News Column

Mary Washington House to see fresh coat of paint

August 10, 2014

By Katie Shepherd, The Free Lance-Star, Fredericksburg, Va.

Aug. 11--The paint coating the walls of the Mary Washington House in Fredericksburg has begun to crack and peel, giving the historic building the look of an aging structure rather than a preserved artifact of the past.

On July 28, the house at 1200 Charles St. began its full makeover, a process that will last more than a month and end when the whole building is repaired and dressed up with a fresh, rejuvenating coat of paint.

The sprucing-up will cost just under $25,000. Part of the budget for repairs is supplemented by donations collected during the Community Give, which raised about $7,500 to support the Mary Washington House and the Rising Sun Tavern.

The Caroline Street tavern will also undergo a renovation in the coming weeks.

At the Mary Washington House, painters are scouring the building's exterior, scraping away old paint and carefully inspecting the walls for hidden damage that needs to be repaired.

"You don't want to paint historic buildings more often than needed because it just gets too heavy," said Anne Darron, executive director of the Mary Washington House. The old coats of paint can weigh down walls and contribute to the deterioration of a building that happens to be older than the nation itself.

George Washington bought the house, located in downtown Fredericksburg, for his mother, Mary Washington, in 1772.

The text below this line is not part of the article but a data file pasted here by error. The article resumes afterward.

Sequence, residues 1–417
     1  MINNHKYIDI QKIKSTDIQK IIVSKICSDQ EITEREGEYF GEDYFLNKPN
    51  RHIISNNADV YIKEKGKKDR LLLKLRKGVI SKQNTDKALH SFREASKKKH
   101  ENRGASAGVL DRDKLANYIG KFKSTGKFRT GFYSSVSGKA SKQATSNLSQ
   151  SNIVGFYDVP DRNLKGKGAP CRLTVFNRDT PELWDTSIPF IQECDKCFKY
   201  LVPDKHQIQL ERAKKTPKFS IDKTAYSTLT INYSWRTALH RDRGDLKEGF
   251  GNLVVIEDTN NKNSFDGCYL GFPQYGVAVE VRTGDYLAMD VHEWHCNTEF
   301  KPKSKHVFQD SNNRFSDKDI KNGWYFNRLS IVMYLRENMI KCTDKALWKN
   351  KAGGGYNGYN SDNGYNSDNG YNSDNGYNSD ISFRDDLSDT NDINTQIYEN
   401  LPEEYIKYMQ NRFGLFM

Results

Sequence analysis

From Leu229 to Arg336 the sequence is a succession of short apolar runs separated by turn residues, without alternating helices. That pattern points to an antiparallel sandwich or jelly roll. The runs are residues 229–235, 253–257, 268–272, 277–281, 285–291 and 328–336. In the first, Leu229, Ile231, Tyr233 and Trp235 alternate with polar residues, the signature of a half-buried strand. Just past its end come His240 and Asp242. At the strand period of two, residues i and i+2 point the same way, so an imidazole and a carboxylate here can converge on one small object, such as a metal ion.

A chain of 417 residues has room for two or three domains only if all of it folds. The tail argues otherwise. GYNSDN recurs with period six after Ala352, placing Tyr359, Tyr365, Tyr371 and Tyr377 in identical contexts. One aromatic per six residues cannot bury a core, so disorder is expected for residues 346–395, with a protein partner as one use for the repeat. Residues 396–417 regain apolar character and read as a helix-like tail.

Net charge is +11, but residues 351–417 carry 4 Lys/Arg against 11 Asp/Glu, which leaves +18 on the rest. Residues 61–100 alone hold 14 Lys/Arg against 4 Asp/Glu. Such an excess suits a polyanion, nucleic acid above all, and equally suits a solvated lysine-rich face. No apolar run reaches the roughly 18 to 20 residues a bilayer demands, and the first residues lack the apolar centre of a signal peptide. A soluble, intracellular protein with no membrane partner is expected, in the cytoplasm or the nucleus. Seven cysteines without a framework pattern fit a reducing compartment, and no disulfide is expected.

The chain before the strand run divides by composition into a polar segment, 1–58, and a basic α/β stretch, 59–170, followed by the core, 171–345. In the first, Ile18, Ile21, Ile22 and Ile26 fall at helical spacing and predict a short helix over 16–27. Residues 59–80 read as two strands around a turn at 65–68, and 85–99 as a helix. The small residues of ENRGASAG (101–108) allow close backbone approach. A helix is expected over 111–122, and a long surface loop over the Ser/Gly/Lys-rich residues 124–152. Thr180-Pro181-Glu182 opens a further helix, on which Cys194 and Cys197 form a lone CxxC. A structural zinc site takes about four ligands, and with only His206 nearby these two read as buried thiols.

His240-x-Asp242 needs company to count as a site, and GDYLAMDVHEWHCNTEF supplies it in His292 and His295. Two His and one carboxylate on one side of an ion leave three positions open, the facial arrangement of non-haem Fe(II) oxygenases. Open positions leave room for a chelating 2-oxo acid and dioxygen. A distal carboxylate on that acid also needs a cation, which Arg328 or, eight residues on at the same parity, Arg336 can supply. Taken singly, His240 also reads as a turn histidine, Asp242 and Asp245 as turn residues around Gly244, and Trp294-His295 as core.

Mary Washington was 64 years old when she moved into the home, and lived there for 16 years.

The house as it stands now is quite a bit larger than the home Washington originally purchased. An added dining room and what now makes up the gift shop were added in the decades after the house was sold by the Washington family.

This added space creates a behemoth of a building that extends over a space that would normally fit two small homes.

"It really is a sizable project," Darron said. "We've got a lot of square footage here."

The painters are scraping, grinding, sanding, caulking and priming the walls before a single coat of new paint even touches the wooden siding and brick foundations.

These beginning steps are part of a "meticulous preparation," said James Christopher from Fredericksburg Painting Services, which has been commissioned to finish the restoration job. All that preparation will make the new paint last and also allows painters to fix imperfections in the building's walls.

While some old buildings raise concerns over lead paint and other hazards when repairs are made, the Mary Washington House does not. Any lead paint that may have been used on the house would have been removed years ago, Darron said.

The painters are starting in the back of the building and working their way around to the front, so passers-by cannot see any of the handiwork yet.

The back-first approach will allow the Mary Washington House to host its annual Living Legacies events in September. Even if weather or other conditions delay the painting, the rear courtyard that holds the event attendees will be finished and open.

The whole job, weather permitting, is slated to be finished by Sept. 5.

Katie Shepherd 540/374-5417


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Source: Free Lance-Star (Fredericksburg, VA)

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